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King's Accused Killer to Be Tried

King's Accused Killer to Be Tried


A California judge ruled Wednesday that probable cause exists to try 15-year-old Brandon McInerney, accused slayer of gay classmate Larry King, for premeditated murder.

A California judge ruled Wednesday that probable cause exists to try 15-year-old Brandon McInerney, accused slayer of gay classmate Larry King, for premeditated murder with hate crime and "lying in wait" special circumstances.

Ventura County superior court judge Ken W. Riley issued the ruling at the end of a preliminary hearing that lasted almost three days and included evidence of McInerney's alleged neo-Nazi and white supremacist beliefs and the role they might have played in the killing, along with other details of the crime.

McInerney allegedly shot King twice in the head just as first period began on February 12, 2008, in a packed computer lab at E.O. Green Junior High School in Oxnard, a port city of 200,000 about 60 miles north of Los Angeles. He is being tried as an adult and has pled not guilty to all charges.

Detective Dan Swanson, a Simi Valley gang expert, testified that McInerney had steeped himself in white supremacist ideology, and that investigators had found drawings of Nazi symbols and related materials in McInerney's backpack and in a bedroom he shared with an older brother, who is serving in Iraq. In a telephone interview with The Advocate after the hearing, senior deputy district attorney Maeve Fox, who is prosecuting the case, described the material as "an almost obsessive quantity of doodlings and some very detailed drawings... a lot of Nazi symbols, a lot of swastikas, the death's head, the number 14, which pertains to white supremacy, and a lot of symbology pertaining strictly to white supremacist, neo-Nazi, racist, skinhead ideology."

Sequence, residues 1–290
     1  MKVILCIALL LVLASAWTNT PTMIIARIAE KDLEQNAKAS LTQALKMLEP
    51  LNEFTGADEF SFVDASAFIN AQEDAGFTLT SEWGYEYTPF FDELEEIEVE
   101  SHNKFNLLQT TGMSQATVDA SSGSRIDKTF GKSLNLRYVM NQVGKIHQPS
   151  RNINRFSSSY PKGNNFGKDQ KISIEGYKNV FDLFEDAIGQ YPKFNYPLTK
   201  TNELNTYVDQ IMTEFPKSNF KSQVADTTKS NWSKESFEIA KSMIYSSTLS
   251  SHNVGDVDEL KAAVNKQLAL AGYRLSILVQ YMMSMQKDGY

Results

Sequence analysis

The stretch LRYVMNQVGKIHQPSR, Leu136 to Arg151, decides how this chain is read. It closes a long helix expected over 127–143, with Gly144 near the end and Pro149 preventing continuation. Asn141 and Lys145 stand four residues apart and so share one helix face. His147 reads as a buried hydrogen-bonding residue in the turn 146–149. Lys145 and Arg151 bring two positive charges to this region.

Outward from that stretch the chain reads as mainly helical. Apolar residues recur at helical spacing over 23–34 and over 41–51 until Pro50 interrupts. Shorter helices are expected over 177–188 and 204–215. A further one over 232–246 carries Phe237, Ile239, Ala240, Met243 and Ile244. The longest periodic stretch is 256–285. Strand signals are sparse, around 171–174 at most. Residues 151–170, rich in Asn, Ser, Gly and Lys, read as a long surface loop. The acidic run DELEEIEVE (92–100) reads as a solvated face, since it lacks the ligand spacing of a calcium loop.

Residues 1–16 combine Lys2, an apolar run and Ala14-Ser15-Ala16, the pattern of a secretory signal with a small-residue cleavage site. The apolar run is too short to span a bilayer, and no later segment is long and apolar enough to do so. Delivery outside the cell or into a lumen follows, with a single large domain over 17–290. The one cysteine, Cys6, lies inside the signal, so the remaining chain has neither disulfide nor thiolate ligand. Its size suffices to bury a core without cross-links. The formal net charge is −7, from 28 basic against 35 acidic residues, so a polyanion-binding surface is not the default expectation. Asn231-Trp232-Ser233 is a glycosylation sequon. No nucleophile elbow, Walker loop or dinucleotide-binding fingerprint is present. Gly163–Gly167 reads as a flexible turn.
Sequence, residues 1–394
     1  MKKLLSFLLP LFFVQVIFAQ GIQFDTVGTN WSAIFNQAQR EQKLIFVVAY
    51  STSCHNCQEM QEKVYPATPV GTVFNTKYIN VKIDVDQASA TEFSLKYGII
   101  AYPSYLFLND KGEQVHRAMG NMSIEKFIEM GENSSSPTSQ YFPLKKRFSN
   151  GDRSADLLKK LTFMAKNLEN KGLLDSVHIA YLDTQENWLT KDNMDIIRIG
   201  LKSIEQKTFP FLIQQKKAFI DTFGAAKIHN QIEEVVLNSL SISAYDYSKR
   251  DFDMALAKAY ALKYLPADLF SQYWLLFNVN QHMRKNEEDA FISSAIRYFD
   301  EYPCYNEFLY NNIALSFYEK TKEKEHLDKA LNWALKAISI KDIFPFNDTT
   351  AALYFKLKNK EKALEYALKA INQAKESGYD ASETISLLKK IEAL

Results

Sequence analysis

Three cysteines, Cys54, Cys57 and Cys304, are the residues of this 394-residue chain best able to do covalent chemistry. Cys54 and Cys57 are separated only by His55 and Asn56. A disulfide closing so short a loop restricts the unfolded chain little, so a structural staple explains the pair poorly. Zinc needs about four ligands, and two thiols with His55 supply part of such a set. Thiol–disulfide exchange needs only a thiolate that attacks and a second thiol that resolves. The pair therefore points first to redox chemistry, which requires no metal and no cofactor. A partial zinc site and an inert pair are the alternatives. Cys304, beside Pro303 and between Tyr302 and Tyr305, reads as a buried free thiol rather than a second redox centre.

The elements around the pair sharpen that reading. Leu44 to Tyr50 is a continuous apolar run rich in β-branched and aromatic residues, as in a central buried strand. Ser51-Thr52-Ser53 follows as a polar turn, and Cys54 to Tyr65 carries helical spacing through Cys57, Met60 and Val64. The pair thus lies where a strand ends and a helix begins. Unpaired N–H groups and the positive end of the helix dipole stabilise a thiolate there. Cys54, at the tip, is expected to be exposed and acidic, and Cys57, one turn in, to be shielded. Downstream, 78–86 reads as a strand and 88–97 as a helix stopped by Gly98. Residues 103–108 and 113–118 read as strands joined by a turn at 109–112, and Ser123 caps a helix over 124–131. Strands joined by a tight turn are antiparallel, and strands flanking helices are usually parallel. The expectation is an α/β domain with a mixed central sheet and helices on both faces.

"The evidence strongly indicates he had been indoctrinated to some level," Swanson testified, according to a post by blogger Alex Blaze at . Fox explained that the connection between neo-Nazism and white supremacy, on the one hand, and the allegation that McInerney killed King at least in part because he was gay, on the other, is that, "in Detective Swanson's opinion, based on the writings of people like David Lane, homosexuality is not to be tolerated."

Swanson dismissed testimony the defense elicited from other witnesses that McInerney had black and Latino friends, explaining that neo-Nazis often hide their true beliefs.

District Attorney's Office investigator Robert Coughlin testified that Dawn Boldrin, one of the boys' teachers, said that McInerney had told her he wanted to become a skinhead and join the "white power" movement, but later claimed to have been kidding, the Ventura County Star reports.

When students were studying the Holocaust, McInerney allegedly told a female friend of King's, Avery L., there was no need to be upset about it because people die every day, Oxnard police sergeant Kevin Baysinger testified. McInerney also allegedly told the girl he admired Hitler and wanted to be a Nazi.

Several witnesses testified that tension rose between the two boys in the days preceding the shooting, and that McInerney spoke during that time about harming or killing King. Officer Ramiro Albarran of the Oxnard Police Department testified that one of McInerney's friends told Albarran that a few days before the murder, King had said to McInerney, "Baby, I love you," and that McInerney had become angry and said he was going to shoot King.